Suicide is a complex act that represents the end result of a combination of factors in any individual. These factors include biological vulnerabilities, life history, occupation, present social circumstances, and the availability of means for committing suicide. While these factors do not "cause" suicide in the strict sense, some people are at greater risk of self-harm than others. Risk factors for suicide include:
- Male sex.
- Age over 75.
- A family history of suicide.
- A history of previous suicide attempts.
- A history of abuse in childhood.
- A local cluster of recent suicides or a local landmark associated with suicides. Examples of the latter include the Golden Gate Bridge in San Francisco; Sydney Harbor Bridge in Australia; St. Peter's Basilica in Rome; the Eiffel Tower in Paris; Prince Edward Viaduct in Toronto; and Mount Mihara, a volcano in Japan.
- Recent stressful events: separation or divorce, job loss, bankruptcy, upsetting medical diagnosis, death of spouse.
- Medical illness. Persons in treatment for such serious or incurable diseases as AIDS, Parkinson's disease, and certain types of cancer are at increased risk of suicide.
- Employment as a police officer, firefighter, physician, dentist, or member of another high-stress occupation.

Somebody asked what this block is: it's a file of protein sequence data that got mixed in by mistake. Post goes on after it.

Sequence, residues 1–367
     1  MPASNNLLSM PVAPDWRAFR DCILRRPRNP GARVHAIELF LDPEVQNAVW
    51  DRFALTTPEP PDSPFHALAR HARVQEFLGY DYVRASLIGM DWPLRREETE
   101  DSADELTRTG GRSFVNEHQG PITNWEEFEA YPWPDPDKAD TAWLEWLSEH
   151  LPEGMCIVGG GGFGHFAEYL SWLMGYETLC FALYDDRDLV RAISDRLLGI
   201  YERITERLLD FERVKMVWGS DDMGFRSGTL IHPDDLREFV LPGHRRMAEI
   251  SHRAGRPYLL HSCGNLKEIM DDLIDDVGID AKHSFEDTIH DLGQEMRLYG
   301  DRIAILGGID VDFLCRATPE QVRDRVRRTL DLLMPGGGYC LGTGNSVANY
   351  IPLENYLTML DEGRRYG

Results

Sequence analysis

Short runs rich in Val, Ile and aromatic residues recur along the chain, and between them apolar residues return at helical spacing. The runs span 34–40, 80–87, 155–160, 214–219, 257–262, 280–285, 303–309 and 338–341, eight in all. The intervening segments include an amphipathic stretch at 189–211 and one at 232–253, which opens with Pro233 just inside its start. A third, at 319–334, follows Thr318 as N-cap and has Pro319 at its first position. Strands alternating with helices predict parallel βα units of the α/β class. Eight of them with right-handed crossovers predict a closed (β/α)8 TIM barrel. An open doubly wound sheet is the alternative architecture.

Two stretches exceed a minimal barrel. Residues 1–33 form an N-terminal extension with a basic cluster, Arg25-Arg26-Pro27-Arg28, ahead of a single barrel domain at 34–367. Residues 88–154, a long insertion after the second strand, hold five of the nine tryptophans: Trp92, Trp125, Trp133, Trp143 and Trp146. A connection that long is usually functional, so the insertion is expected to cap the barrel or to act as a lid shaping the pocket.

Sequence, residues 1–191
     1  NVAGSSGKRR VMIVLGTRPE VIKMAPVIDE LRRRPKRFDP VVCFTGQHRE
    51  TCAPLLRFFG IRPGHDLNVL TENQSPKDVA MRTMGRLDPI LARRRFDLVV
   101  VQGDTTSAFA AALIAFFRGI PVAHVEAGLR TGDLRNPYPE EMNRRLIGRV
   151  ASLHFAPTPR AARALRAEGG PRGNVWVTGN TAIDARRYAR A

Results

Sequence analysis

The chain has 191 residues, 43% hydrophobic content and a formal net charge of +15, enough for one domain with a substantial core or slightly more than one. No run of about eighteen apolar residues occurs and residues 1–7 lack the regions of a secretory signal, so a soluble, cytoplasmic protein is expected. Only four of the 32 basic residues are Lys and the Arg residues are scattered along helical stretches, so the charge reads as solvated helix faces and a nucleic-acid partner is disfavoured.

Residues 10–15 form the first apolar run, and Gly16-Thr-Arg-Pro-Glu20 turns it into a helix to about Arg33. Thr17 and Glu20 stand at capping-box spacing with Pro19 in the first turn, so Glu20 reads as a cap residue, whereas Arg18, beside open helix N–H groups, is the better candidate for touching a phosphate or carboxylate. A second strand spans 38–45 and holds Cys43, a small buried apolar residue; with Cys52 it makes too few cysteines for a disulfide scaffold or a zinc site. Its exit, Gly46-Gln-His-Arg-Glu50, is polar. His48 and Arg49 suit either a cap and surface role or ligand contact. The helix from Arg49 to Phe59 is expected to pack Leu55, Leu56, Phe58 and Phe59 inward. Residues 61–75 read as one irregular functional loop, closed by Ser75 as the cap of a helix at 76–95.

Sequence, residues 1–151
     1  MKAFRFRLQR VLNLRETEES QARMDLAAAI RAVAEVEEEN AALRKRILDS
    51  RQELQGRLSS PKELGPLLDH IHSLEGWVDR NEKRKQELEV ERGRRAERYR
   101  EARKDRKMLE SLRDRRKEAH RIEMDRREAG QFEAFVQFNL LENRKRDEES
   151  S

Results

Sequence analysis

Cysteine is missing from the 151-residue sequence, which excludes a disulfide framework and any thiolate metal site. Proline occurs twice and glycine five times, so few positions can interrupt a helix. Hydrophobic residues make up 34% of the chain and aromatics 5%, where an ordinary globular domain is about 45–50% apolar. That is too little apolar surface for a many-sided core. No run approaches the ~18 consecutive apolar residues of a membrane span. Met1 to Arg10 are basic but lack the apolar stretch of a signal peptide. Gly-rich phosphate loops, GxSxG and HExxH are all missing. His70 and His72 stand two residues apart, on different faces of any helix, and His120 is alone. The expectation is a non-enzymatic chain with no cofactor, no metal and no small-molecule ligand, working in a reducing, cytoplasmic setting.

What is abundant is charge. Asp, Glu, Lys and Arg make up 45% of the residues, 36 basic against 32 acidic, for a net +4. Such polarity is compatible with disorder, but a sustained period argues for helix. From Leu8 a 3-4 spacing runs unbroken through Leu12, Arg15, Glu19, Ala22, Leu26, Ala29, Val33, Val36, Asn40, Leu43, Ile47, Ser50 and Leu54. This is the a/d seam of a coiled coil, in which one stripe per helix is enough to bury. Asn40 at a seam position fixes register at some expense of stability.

- Presence of firearms in the house. Death by firearms is the most common method for women as well as men as of the early 2000s. In 2001, 55% of reported suicides in the United States were committed with guns.
- Alcohol or substance abuse. Mood-altering substances are a factor in suicide because they weaken a person's impulse control.
- Presence of a psychiatric illness. Over 90% of Americans who commit suicide have a significant mental illness. Major depression accounts for 60% (especially in the elderly), followed by schizophrenia, alcoholism, substance abuse, borderline personality disorder, Huntington's disease, and epilepsy. The lifetime mortality due to suicide in psychiatric patients is 15% for major depression; 20% for bipolar disorder; 18% for alcoholism; 10% for schizophrenia; and 5-10% for borderline and certain other personality disorders.